There is no doubt that the application of conventional magnetic resonance imaging (MRI) to the study of multiple sclerosis (MS) has greatly improved our ability to diagnose this condition and to monitor its evolution. The exquisite sensitivity of T2-weighted MRI in the detection of MS lesions, together with the ability of postcontrast T1-weighted images to reflect the presence of increased blood-brain barrier (BBB) permeability associated with inflammatory activity, allow us to demonstrate the spatial and temporal dissemination of MS lesions earlier than is possible from a clinical assessment of the patients. In addition, serial MRI scanning of the brain is five to ten times more sensitive for detecting disease activity than the clinical evaluation of relapses. In consequence, metrics derived from conventional MRI are now established, in conjunction with the clinical assessment, as outcome measures by which to monitor the efficacy of experimental treatments in placebo-controlled MS trials.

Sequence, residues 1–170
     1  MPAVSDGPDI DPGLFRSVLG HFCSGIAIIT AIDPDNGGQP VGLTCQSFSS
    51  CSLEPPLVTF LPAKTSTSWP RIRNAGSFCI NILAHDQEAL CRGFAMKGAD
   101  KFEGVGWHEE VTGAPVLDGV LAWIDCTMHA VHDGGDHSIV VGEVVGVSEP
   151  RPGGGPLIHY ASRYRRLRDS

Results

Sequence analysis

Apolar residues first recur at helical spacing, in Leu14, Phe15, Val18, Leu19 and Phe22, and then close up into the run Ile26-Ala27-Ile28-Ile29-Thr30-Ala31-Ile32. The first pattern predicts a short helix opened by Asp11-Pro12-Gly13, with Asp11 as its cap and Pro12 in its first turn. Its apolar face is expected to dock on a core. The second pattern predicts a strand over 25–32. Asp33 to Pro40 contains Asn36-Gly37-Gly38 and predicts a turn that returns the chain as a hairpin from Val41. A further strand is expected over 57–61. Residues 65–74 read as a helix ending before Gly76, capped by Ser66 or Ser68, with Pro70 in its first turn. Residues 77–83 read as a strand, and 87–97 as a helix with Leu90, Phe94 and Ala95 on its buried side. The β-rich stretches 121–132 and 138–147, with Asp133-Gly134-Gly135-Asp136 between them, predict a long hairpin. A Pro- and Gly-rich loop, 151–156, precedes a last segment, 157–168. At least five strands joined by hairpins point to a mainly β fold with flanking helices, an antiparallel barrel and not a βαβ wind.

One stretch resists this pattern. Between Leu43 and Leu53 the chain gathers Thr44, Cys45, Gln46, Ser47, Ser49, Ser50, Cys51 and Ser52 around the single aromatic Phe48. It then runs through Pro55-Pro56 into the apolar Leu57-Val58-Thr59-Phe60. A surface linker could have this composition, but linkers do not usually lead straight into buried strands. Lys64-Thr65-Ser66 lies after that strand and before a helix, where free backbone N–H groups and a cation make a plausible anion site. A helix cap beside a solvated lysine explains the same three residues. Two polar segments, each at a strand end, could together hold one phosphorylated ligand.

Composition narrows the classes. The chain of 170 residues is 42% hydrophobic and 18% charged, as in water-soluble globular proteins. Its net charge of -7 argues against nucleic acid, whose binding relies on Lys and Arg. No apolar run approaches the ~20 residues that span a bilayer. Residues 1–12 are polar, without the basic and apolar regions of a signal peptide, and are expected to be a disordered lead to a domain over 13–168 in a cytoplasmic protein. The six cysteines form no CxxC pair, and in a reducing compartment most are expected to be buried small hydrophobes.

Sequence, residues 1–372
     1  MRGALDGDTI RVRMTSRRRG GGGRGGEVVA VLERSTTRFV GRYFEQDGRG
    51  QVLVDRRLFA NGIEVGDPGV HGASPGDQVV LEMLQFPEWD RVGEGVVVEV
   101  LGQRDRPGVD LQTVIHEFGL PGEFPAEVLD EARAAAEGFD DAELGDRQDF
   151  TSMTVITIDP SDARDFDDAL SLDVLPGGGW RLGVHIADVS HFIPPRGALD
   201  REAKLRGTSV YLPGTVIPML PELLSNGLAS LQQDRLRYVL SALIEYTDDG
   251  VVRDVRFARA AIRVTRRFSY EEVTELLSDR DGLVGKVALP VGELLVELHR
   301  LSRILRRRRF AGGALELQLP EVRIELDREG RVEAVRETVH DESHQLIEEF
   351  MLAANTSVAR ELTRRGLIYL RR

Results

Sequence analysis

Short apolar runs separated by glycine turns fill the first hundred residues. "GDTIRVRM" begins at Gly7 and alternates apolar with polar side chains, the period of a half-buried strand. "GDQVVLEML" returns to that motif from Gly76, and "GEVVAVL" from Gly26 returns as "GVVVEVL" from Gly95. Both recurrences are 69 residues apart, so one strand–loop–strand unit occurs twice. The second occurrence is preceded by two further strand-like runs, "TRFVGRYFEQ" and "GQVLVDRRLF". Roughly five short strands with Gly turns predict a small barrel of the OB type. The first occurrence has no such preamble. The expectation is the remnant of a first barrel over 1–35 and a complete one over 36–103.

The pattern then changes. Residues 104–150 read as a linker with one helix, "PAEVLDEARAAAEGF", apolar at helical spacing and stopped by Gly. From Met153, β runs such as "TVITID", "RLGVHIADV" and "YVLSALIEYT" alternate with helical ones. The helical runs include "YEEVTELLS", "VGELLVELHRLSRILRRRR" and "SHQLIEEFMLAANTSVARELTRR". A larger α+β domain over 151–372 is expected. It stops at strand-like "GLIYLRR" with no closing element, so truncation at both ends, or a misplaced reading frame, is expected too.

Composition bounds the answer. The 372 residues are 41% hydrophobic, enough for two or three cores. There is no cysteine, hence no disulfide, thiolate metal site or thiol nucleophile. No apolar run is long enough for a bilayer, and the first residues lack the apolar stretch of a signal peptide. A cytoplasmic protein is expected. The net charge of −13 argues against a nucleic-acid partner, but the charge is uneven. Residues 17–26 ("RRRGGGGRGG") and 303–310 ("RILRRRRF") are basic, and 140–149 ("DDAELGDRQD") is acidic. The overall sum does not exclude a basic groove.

KeywordsMultiple Sclerosis Patient Magnetization Transfer Multiple Sclerosis Lesion Multiple Sclerosis Evolution Serial Magnetic Resonance Imaging Scanning
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